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Rhonda Herrington Bulmer
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April 10th, 2007
Found a peanut last night
by Rhonda Herrington Bulmer

Principle #3: Trust God to tell you the truth, and believe Him—only He knows who you really are.

Romans 8:28: And we know that in all things God works for the good of those who love Him, who have been called according to His purpose.

Romans 8:16: The Spirit *Himself* testifies with our spirit that we are God’s children.

Childhood is that crucible in which we spend the rest of our lives trying to climb back out, at least to some degree. I am happy to say that God is the one who led the way, despite many obstacles, one of which I will relate to you now.

I was told I was stupid more than once as a young person. The words were spoken in frustration by those closest to me. They didn’t intend to hurt me by their words, but they did. It happened usually in situations where these people needed me to do something and were trying (unsuccessfully) to explain what it is they needed me to do, and how to do it. If eventually I figured out how to do the thing on my own, my accusers would assume someone else in the room figured it out for me, and said as much.

I internalized their words and believed that I was, indeed, stupid. I was quietly resentful towards them, and developed deep insecurities. I had no confidence, but I kept my nose in the air and hid behind arrogance. I was terrified to try new things. I didn’t want to appear ‘stupid’ in front of my peers, so I feigned disinterest. I did not want people to see me make mistakes, so I avoided unfamiliar activities. I didn’t think I was smart enough to achieve A’s in certain subjects, so I contented myself with C’s. (But I spoke over my peers, using big words and adult language, so that they would think I was a straight A student.) I never wanted to appear as though I didn’t know everything about everything, so I blathered on in conversations regardless of my knowledge level. (i.e. Better to stay silent and be thought a fool, then to open your mouth and remove all doubt!)

At this same time, God was revealing himself to me. I grew up in a non-Christian home, but through a series of supernatural events I began to think that God was real, and I read the scriptures (though not understanding very much) and I would talk to Him. God healed a close relative after I prayed during my adolescence. These events were the beginning of a lifelong nature walk in which Jesus was both my tour guide and interpreter.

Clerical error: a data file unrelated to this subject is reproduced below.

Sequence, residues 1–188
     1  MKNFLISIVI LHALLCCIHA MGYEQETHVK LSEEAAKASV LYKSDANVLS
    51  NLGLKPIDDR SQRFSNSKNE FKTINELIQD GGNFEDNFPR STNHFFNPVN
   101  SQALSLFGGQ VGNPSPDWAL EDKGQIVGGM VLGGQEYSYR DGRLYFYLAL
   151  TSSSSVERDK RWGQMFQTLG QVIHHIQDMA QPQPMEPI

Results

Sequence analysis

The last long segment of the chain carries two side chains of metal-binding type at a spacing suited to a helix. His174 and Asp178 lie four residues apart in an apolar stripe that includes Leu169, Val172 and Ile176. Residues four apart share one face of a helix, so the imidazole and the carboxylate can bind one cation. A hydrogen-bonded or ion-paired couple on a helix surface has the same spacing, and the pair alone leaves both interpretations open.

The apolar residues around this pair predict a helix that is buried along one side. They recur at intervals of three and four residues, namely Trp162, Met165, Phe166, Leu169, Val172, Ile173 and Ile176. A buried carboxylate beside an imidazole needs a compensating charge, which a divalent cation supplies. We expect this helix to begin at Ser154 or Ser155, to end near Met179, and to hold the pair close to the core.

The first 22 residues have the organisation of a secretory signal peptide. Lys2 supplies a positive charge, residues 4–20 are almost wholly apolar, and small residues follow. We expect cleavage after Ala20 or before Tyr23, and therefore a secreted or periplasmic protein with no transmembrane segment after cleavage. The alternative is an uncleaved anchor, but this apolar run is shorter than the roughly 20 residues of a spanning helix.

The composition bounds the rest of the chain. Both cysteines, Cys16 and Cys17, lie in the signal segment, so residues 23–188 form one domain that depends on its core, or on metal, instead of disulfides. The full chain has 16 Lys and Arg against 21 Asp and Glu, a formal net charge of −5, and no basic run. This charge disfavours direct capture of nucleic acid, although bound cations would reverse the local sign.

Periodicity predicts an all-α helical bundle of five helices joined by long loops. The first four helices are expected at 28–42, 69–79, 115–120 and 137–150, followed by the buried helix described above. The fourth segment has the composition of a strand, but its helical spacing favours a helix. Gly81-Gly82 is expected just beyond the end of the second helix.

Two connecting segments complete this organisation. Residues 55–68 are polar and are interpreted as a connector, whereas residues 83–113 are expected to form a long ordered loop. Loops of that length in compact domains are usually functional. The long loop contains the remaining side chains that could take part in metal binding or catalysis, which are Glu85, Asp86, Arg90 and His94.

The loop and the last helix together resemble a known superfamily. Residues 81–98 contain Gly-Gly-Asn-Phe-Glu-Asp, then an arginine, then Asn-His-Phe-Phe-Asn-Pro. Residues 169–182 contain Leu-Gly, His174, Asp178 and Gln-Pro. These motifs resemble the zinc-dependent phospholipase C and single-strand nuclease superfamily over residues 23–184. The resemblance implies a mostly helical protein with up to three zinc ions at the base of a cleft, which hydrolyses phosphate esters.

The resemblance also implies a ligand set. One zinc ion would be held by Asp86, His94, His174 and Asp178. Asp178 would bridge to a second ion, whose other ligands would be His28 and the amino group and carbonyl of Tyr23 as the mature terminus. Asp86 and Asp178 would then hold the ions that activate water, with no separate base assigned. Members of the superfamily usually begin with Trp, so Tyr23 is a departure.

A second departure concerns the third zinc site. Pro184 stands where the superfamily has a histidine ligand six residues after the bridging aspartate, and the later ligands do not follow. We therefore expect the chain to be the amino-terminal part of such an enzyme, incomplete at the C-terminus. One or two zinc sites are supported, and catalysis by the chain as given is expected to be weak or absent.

For instance, an incident in grade 12 was Jesus’ first interpretative session in my life. Mr. McDowell was my Biology 122 teacher, a man enthusiastic about science and eager to share it with his students. On the first day of school, he separated the class into groups of two, put a large bowl of peanuts (in their shells) in the center of the room and told one person from every couple to choose a peanut. He told them to study the peanut carefully, apart from their partner, and describe it on paper. Then, they returned the peanuts to the bowl and mixed them up. Each writer’s partner was told to read the written description and find the peanut on their own.

What Mr. McDowell said to the searchers shocked me. He said, “If you can’t find the peanut, it isn’t your fault. It’s your partner’s fault, for not describing the peanut properly.”

This object lesson portrayed the fundamental scientific principle of reporting accurate observations. But Mr. McDowell will never know what a teaching tool his experiment was apart from biology. You see, I was gratified that my partner was one of the few who found the right peanut because of my description.

God spoke two things to me through that incident: One, that I am not stupid for failing to figure out what people want—quite often it is their own inability to explain themselves clearly. Two, it gave me confidence that if nothing else, I have the ability to communicate ideas, and to a person who thinks herself an idiot, that’s quite a revelation.

This incident did not spell the end of my battle with insecurity; rather, it was the first milestone to which God referred me back as the years have gone by. Satan whispers in our ear, reinterpreting and magnifying the hurtful words of others, words they may not realize are hurtful.

But God speaks in the other ear. He says, “I am the truth. And if I am the truth, then you should only absorb what I say about you. Now, to whose voice will you listen?” It is up to us to choose.

The first hurdle, to only trust God’s words, is an inward battle. The second hurdle is focussed outward, because it has consequences for those around us. Can you reject the negative spoken words or actions of others without rejecting the person? Can you let God give you the ability to hold the words and actions of others objectively? Can you let Christ’s love be the buffer between you and their hurtful remarks or actions? This is the level at which God wants us to operate, the place of complete confidence and contentment in the love of God; the knowledge that the self-awareness for which others strive, He has already provided. He wants others to recognize the profound change in our reactions and behaviour, so that they will ask us, “What’s happened to you? You’re so different than you used to be!”

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